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Why Win In Lisbon Shows This Year Might Be Different For Manchester City

Why Win In Lisbon Shows This Year Might Be Different For Manchester City
By Eoin Harrington Updated

The Champions League has been Manchester City's pitfall for the best part of a decade now. The biggest financial project in English football history has not led to the biggest crown in European football despite 11 years of competing in the competition.

They subtly sent a clear warning sign to the rest of Europe with a huge win against Portuguese champions Sporting Club on Tuesday night, as they went on a rout in Lisbon.

Manchester City send warning shot to Champions League rivals

Manchester City are the clear favourites for this season's Champions League, as they desperately seek to add some European silverware to go with their domestic dominance of recent years.

Last year's final defeat to Chelsea was the closest they've come, but the Champions League crown is the one thing that has evaded City in the past decade. Five Premier Leagues, two FA Cups, and six League Cups have come since the Abu Dhabi takeover in 2008, but repeated disappointment in Europe has been the story.

Perhaps the most disappointing aspect for City's fans has been the teams who have knocked them out. A leaky defence saw them go out spectacularly after a 12-goal last-16 tie with Monaco in 2016-17. They again went out on away goals to Tottenham in 2018-19.

The most ignominious defeat was that to Lyon in the bizarre one-legged knockout ties of 2019-20. Guardiola played a bizarre five at the back, despite being heavily tipped to win with ease, and it led to a 3-1 loss.

It's been a string of disappointments for the Manchester club in the Champions League, and this season has an air of "do or die" in Europe's premier competition for City.

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They sent a signal of intent with a mauling of Sporting Club in Lisbon on Tuesday. Though a 5-0 win over the Portuguese champions mightn't quite have the same seismic impact as a win over one of Europe's elite, this game subtly indicated that City are ready to take the next step in Europe.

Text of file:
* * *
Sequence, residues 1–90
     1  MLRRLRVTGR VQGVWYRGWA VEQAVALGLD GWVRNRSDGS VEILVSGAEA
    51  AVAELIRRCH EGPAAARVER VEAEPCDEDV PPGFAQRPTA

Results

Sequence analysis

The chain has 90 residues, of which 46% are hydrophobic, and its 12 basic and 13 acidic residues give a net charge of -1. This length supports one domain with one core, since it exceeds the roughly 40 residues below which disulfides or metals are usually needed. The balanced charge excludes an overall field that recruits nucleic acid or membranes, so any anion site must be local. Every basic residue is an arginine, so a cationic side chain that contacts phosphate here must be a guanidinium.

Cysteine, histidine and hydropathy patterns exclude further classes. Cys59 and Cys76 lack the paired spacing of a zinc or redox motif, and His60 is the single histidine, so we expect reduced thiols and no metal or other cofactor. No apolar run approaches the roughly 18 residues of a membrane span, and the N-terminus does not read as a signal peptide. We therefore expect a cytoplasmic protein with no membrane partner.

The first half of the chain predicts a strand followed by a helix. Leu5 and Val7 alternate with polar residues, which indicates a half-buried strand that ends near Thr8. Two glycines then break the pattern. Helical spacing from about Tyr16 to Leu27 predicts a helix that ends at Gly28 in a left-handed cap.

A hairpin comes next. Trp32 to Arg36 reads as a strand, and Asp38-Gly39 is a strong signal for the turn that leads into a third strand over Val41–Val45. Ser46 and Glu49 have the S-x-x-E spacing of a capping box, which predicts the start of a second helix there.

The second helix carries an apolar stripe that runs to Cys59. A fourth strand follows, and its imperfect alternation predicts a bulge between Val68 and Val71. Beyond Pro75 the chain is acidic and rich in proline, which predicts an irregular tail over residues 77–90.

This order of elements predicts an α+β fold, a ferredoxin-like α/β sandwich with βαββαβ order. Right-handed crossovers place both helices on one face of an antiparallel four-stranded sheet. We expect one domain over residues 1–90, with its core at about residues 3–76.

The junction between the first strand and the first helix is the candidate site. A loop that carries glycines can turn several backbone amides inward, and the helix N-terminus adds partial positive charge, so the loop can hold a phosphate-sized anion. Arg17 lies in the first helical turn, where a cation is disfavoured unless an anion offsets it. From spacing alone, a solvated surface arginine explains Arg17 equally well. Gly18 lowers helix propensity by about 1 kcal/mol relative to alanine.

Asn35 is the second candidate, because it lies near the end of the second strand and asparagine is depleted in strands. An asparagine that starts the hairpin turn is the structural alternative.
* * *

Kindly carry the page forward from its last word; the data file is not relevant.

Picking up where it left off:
They were, incredibly 4-0 up at half-time, as they ripped Sporting apart in an astonishing display. The current record for the biggest aggregate loss in Champions League history currently belongs to Sporting - and you wouldn't put it past City to beat that record at the rate they went on Tuesday night.

This was the kind of game that has tripped the Citizens up in recent seasons. None of Monaco, Spurs, or Lyon were ever expected to beat them in a knockout tie and yet they all found a way of doing it.

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Tuesday night's tie had the air of one that would have caught those City teams out. Sporting, though clearly the rank outsiders of the last-16, are no slouches. They comfortably won the Portuguese title last year, and knocked out an ever-improving Borussia Dortmund in the group stages.

They also come from a Portuguese league that has gone from strength to strength in recent years, with many of their recent exports becoming crucial cogs in Europe's finest teams - including City.

The ruthlessness with which City put away the Portuguese champions was a sign that they are still feeling the hurt of those shock exits of recent years. They had no interest in giving Sporting any hope of victory, and the 5-0 win was about as decisive a win as they could have had.

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There's no doubt that City will be one of the eight teams in the quarter-finals now and, even though the likes of PSG, Liverpool, and Atletico Madrid will all face tougher tasks in the last-16 if they are to join them, you sense that the City we saw on Tuesday are a very different proposition to the side that slipped up in previous years.

Another facet of the game which showed that City may be a different prospect this season was Guardiola's team selection. The Lyon five-at-the-back was not the only example of unexplained and inexplicable tinkering from the Spaniard in the Champions League.

He started last season's final with no strikers or defensive midfielders, in a decision that would ultimately cost them against Chelsea in a decider they were once again tipped to win.

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Unlike the trends of previous years, Guardiola now has the firm core of his starting 11 nailed down. We are unlikely to see any of Ederson, Kyle Walker, Ruben Dias, Joao Cancelo, Kevin de Bruyne, Rodri, Bernardo Silva, or Riyad Mahrez dropped for any big games, and Guardiola didn't hesitate in playing all eight of them in Lisbon on Tuesday.

That's without even mentioning two of City's goalscorers on Tuesday, Raheem Sterling and Phil Foden. Sterling's goal was the pick of the bunch, and Foden continues to be one of the most impressive young prospects in Europe.

Guardiola has maintained the fearful strength-in-depth of old, while making strides towards nailing down his best starting 11. The fact that they were willing to throw off the shackles so aggressively in the first-half of the first-leg is a mark that they will take no prisoners in the coming weeks.

Manchester City have unquestionably been the best team in European football for the best part of a decade now. The one thing missing has been European success - and it looks as though they are learning from past mistakes, and laying down a marker for the coming stages of the knockouts.

SEE ALSO: Eight Storylines To Look Out For In The Champions League Last 16

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